The Stupids Step Out
What parents need to know
Parents Need to Know
Parents need to know that this silly, absurd picture book -- the first in a series -- is on the American Library Association's list of the 100 most frequently challenged books of the past two decades (though it was published in 1974). Parents who are taken aback by the use of "stupid" in the title should steer clear. If the title doesn't bother you, however, you and your kids may enjoy the goofy premise. The story is simple -- and funny -- enough for young kids to follow, but it's better suited for kids 5 and older who can understand that "stupid" isn't a nice word to use.
What's the story?
Stanley Q. Stupid has an idea -- an unusual event. He announces that the family is stepping out for the day. They prepare by taking a bath, fully dressed in a dry tub, and head out to the grandparents' home. Grandfather doesn't recognize them; Grandmother stays in a closet. They enjoy mashed potato sundaes and walk home on their hands. Happy with the day's adventures, they dress in clown costumes and settle into bed -- with their feet resting on their pillows.
Is it any good?
You can make a fair argument against the book's premise -- that this family is so stupid it's OK to laugh at them -- and if you feel that way, you won't find anything funny about the Stupids. In fact, it's a rather stupid book. But if you can get past the language, rest assured your kids probably get a laugh out of it.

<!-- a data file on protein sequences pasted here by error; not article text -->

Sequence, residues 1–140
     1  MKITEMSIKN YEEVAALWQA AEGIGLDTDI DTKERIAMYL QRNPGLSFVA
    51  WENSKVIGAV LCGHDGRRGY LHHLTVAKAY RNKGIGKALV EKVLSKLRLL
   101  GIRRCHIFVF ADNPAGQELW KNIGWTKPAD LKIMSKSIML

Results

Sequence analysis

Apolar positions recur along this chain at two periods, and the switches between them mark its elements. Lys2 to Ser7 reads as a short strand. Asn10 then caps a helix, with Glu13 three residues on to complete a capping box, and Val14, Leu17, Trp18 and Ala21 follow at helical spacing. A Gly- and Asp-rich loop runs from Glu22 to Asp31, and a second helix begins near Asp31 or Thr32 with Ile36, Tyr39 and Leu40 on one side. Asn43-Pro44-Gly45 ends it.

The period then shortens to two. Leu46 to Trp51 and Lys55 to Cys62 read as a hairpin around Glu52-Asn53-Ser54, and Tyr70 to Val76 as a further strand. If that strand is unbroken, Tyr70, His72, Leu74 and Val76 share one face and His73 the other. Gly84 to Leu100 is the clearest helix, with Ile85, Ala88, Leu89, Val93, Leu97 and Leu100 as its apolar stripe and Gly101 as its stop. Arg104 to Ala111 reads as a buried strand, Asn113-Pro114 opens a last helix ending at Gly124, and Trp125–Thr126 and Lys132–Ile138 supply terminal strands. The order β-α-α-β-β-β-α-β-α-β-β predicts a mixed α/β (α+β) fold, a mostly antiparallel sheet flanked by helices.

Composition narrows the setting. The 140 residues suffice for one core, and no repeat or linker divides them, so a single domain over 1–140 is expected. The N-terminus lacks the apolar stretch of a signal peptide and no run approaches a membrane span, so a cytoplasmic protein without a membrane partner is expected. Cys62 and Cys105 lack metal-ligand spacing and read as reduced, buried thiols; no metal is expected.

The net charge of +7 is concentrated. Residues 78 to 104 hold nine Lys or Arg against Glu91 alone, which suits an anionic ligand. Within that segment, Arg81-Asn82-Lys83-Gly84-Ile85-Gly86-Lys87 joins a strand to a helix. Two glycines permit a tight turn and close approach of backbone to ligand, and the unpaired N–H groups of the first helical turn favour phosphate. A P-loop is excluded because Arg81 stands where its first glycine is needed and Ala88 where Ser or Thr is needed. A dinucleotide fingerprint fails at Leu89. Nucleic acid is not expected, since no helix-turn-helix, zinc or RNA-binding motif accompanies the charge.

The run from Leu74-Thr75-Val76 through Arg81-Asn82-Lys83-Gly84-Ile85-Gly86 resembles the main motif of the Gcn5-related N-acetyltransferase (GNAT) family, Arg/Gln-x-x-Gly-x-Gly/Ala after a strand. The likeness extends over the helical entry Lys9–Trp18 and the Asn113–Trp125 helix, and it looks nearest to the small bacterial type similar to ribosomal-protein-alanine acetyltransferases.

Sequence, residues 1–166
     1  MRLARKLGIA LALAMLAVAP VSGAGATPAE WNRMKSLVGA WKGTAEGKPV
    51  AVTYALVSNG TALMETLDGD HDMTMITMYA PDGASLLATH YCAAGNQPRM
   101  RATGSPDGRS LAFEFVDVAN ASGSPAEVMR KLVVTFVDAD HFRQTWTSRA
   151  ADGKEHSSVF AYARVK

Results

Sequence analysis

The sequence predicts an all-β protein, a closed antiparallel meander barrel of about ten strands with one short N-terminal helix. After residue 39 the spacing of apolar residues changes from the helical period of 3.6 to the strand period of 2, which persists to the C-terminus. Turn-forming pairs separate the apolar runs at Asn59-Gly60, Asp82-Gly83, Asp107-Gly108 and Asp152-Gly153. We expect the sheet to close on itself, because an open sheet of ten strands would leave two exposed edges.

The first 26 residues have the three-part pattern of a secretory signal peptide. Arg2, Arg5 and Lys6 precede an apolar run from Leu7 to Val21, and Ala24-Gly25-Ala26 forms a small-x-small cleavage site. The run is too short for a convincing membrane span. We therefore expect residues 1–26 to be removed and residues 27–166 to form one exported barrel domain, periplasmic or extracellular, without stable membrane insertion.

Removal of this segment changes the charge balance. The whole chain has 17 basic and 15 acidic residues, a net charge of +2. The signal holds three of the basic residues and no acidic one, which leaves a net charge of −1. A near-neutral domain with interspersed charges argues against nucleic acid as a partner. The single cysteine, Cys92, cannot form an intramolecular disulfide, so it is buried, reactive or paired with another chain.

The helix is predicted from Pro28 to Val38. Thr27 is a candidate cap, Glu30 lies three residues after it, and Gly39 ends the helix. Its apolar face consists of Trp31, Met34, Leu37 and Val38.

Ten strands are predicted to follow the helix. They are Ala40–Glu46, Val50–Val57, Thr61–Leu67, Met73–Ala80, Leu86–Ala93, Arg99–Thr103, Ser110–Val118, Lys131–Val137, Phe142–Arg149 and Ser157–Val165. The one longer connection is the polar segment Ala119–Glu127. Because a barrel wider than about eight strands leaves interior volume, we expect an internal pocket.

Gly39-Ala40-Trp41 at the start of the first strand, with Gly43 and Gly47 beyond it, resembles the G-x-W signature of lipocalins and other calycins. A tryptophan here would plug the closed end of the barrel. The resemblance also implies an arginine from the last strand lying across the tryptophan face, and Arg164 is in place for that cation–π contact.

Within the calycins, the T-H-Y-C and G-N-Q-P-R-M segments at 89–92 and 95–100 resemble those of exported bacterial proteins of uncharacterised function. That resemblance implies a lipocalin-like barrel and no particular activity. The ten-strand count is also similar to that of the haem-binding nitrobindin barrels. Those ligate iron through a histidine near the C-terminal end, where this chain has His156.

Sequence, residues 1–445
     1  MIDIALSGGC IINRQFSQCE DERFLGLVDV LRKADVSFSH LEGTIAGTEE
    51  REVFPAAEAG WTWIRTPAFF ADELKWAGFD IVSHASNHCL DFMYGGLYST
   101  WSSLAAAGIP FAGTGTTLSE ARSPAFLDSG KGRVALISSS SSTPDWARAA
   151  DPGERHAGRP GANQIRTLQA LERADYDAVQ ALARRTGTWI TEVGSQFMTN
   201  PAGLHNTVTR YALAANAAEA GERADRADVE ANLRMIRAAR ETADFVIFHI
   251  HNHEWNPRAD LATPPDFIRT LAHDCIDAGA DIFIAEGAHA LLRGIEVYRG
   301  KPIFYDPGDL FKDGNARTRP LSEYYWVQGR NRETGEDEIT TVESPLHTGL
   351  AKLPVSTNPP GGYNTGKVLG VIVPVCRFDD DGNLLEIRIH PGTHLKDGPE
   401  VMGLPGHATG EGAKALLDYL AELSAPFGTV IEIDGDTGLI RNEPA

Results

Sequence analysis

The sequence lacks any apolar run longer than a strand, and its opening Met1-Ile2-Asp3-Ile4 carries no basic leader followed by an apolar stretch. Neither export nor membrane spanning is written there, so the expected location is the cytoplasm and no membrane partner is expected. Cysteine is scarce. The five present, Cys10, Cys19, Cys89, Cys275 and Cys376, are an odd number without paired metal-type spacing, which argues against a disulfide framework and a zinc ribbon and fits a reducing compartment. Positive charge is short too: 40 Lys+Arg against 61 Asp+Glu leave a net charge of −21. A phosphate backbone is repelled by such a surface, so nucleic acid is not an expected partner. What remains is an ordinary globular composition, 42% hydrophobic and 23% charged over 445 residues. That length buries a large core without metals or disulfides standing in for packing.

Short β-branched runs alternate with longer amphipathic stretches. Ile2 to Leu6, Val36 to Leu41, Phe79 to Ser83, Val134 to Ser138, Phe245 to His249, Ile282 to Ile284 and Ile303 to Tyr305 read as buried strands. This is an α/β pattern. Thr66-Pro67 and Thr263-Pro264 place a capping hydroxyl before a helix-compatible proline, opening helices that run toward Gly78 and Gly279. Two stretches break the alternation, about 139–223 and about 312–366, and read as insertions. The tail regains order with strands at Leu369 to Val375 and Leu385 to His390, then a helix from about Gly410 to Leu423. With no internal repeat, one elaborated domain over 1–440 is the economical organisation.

Harry Allard (author of the Miss Nelson series) and his frequent partner James Marshall (George and Martha) offer lots of sight gags: mislabeled pictures in the home include a sheep identified as an elephant; Mr. Stupid proudly wears knitted stockings on his ears, while his wife wears the cat as a hat; and the headdress-wearing dog drives the car. It's ridiculous and simple — making it good fun for young readers. The Stupids Step Out is the first in the series of four books.
Families can talk about...
Families can talk about the use of the word "stupid." Parents should remind their children that "stupid" is an impolite word and can be hurtful. What other words could you use to describe this family?
Parents can point out some of the Stupids' admirable qualities -- for example, they are cheerful, considerate, impeccably well behaved, very happy with the way they live.
Parents can help beginning readers find all the gags in the pictures, including funny signs in the background.